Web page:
“Every day this team finds new ways to worry me sick,” she said, low and bitter. “Is Thor thinking about Loki right now, is Bruce in pain from his last transformation, is Tony going to fling himself into more needless danger, is Clint going to sleep through the night, are you—are you happy here? It’s like daggers.” She balled her fist and pressed it to her heart. “Daggers right here.” She looked at Steve, this boy younger even than she was, and had to look away again. Such honest open empathy twisted her stomach. “How do you do it?” she asked to her lap. “How do you care about other people without wanting to murder them all?”
Steve was quiet for a very long time. “Yes,” he said finally. When Natasha furrowed her brow, he gave her the smallest of smiles. “I am happy here. I didn’t think I could be, but I am. Are you?”
She folded her hands together, almost in prayer. “I think I could be. That’s new.”
“Nice though. Right?”
“Yes,” Steve drawled. “Friendship is the most dangerous part of our lives. I hope Doctor Doom never figures out the deadly powers of hugs.”
“I don’t think Captain America is supposed to be this sarcastic.”
“I’ll work on that,” he said dryly. “Are you going back to bed?”
“Do you want me to go?”
He shook his head. “Not if you don’t want to.”
She leaned back in the armchair, so soft and full that she worried she wouldn’t be able to climb out of it. “Then go back to your book. I’m just going to sit for a minute.”
An hour later, Steve finished. She spent the hour with her eyes shut, listening to him turn the pages and thinking about nothing in particular. When he stood to go, he lingered over her for a few minutes, no doubt contemplating whether he should wake her and take her back to her room.
I’ll tell him not to worry in just a second. I just want to rest my eyes a few minutes more.
Six hours later she woke with a wicked crick in her neck and a knitted blanket draped over her. She stretched until her back popped back into place. Not a bad night, she thought as she settled back into the chair in a new position. After all she didn’t have to be up for another few hours at least. Not a bad night at all.
1. The Team
The couch in Tony’s spare study cost more than most families made in a year. Natasha disagreed with it strongly in principle. She may have defected from the Soviet Union back when it was the Soviet Union, but she didn’t necessarily believe their principles were wrong. Why should some have so much and others so little? What could have been done with this wealth had it not been squandered on these bourgeoisie pleasures? The capitalist compulsion to spend for the sake of spending sickened her. The couch seemed to signify everything that was wrong with the market economy.
But it was a very comfortable couch.
She was sprawled on it, thirty pages into Summerland, when she found she was having difficulty holding the book up. At first she thought there was something wrong with her arms, that she’d overworked her muscles sparring, but she knew what muscle fatigue felt like. This was something else.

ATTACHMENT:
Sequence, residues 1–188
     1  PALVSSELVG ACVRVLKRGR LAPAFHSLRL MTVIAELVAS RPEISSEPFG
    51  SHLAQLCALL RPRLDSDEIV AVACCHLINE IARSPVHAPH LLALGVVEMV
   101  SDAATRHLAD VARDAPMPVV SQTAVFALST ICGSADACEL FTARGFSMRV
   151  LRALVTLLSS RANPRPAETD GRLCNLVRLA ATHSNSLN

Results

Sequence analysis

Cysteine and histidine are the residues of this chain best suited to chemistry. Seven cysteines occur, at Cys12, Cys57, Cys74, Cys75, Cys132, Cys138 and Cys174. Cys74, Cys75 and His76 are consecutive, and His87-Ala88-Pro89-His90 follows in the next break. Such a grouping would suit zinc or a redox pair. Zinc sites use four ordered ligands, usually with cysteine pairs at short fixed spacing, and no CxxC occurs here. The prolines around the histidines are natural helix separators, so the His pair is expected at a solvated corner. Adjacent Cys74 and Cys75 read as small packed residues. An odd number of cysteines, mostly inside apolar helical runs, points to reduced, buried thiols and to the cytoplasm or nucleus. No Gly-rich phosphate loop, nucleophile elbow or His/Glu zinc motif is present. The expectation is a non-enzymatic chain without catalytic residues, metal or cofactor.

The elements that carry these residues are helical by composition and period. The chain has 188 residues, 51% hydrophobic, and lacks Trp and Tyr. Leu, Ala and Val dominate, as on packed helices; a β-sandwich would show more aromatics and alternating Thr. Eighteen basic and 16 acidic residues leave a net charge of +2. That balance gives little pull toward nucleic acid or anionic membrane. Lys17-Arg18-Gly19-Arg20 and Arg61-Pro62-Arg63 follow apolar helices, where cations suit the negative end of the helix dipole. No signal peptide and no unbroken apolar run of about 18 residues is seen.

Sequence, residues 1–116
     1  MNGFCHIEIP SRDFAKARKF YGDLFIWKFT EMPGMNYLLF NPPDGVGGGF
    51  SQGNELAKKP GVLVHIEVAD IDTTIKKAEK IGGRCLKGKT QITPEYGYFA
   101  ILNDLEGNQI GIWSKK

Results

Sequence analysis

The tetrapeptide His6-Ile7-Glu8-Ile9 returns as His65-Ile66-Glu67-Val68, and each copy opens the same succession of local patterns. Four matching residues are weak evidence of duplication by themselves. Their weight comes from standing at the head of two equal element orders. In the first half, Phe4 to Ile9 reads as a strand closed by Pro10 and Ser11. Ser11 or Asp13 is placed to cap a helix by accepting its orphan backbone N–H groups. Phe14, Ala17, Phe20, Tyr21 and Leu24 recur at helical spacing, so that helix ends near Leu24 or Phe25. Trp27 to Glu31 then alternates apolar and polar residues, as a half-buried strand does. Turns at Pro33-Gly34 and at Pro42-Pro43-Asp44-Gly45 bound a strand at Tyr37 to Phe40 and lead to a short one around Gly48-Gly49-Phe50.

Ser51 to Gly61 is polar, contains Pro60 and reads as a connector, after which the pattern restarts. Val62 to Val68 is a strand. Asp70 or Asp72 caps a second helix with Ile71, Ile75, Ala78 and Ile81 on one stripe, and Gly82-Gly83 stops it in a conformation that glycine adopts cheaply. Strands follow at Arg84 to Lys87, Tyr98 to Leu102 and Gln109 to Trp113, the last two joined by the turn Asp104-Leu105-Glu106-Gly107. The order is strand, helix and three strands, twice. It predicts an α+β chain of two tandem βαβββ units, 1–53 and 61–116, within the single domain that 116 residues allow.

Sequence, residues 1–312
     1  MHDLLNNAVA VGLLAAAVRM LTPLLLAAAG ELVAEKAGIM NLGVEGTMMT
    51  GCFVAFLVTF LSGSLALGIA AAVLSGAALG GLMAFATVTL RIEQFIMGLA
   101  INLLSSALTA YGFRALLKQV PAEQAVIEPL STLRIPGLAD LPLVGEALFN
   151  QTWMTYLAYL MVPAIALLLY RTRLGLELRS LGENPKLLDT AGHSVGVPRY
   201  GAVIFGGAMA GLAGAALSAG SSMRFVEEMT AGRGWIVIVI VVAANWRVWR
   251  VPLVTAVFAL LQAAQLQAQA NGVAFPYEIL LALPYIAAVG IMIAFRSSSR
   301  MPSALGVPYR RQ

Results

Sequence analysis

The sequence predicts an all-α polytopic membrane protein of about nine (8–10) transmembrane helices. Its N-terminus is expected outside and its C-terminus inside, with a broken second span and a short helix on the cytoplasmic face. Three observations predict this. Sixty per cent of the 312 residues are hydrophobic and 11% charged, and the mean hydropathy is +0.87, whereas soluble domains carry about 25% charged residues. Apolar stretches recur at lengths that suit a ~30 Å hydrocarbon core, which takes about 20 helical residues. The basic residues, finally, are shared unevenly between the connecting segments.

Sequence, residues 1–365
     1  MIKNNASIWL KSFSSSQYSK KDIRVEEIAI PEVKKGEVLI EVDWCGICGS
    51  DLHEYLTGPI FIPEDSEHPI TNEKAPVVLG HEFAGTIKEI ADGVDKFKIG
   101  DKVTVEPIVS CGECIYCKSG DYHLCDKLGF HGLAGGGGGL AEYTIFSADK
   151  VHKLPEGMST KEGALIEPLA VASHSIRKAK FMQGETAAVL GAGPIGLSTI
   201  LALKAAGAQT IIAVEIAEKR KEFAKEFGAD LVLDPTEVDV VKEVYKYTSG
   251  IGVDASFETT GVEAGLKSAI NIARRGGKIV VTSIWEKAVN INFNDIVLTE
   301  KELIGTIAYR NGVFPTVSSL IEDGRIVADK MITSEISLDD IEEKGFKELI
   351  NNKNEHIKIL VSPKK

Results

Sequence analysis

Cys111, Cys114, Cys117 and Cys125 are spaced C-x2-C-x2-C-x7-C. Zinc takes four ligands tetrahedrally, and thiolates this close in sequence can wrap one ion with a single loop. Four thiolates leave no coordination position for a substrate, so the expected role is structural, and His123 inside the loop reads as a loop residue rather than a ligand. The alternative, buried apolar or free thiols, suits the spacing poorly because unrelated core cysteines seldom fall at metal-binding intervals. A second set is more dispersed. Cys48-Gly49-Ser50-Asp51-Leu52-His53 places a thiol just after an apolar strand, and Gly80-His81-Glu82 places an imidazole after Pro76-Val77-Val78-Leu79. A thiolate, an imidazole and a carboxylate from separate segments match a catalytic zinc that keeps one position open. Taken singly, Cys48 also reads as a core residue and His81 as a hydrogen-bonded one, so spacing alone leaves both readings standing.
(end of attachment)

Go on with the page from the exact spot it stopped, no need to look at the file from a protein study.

Oh, she realized after a moment and felt like an idiot. She was sleepy.
Three o’clock in the afternoon was no time to be sleepy, not if a night mission didn’t demand it. But sleepy she was, in spite of her instincts, and she couldn’t bring herself to care. She put the book down on her chest. She leaned her head back onto the pillow. So slowly she almost didn’t notice, JARVIS dimmed the lights. She stared at the ceiling. She breathed. Her eyes fluttered shut.
“Where’s the thing?” Tony shouted from the kitchen.
“What thing?” Clint shouted back from the living room.
“The sparkly thing.”
“That is not a helpful description.”
“Do you mean this?” Bruce yelled down the hallway.
“What is it?” Tony asked.
“It’s the spectrometer you were using.”
“No, I need the other thing.”
“Why is everyone yelling?” Steve asked.
“We’re looking for a thing,” Clint replied. “Have you seen it?”
Natasha yanked the pillow from under her head and smushed it on top.
“It’s blue,” Tony said. “It glows and it’s blue.”
“IF YOU SEEK THE CALIBRATED ELECTROSTATIC ANALYZER, I SAW IT LAST IN LABORATORY FOUR,” Thor shouted from the roof. Natasha was almost impressed by the range he got.
“Thanks, Thor. Also, I’m making sandwiches everybody. Does anyone want a sandwich? I make a panini like you would not even believe.”
Natasha yanked the pillow away. “Shut up!” she screamed at them.
Outside the study, there was silence. Then: “What?” Tony shouted back. “I didn’t hear you. Did you want a sandwich?”
She heard Bruce say, “Guys, I think Natasha’s trying to take a nap.”
“Oh, are we being too loud?” Clint shouted. “Natasha? Natasha? Are we being too loud? Are we keeping you up? Natasha? Natasha? Are we bothering you?”
“I will murder you, Clint.”
“ARE SANDWICHES STILL ON THE TABLE? FOR I KNOW NOT WHAT A PANINI IS, BUT IT SOUNDS DELICIOUS.”
“Hell yeah, sandwiches are on the table. Seriously, Natasha, do you want one? I am a fucking sandwich artisan.”
They’re idiots, she thought to herself. They are superpowered idiots.
Still. They were her idiots. And a panini did sound delicious right now.
She tossed the pillow aside. Tossed the book aside too. She could read tonight. She could sleep then too.
“Seriously, Natasha,” Clint shouted. “Are we bugging you? We’d hate to bug you. Is this annoying? Is this annoying you? I just want to make sure you’re comfortable. Natasha? Natasha? Natasha?”
And worst case scenario, she could always murder them tomorrow.
She shook the last traces of sleepiness from her bones as she stood and stretched and padded over to the study door to join her stupid, noisy team because right now, god help her, there was nowhere else she would rather be.
A note found on Natasha’s pillow that night:
Natasha—these are earplugs. You put them in your ears. I think we’re finally in a place with tight enough security to risk them. I can’t think of a better guard dog than the Norse god of lightning except maybe a sentient beneficent AI that can control a killer robot suit. Imagine that. I guess it was a really good idea to move in here.
From one paranoid freak to another—Clint.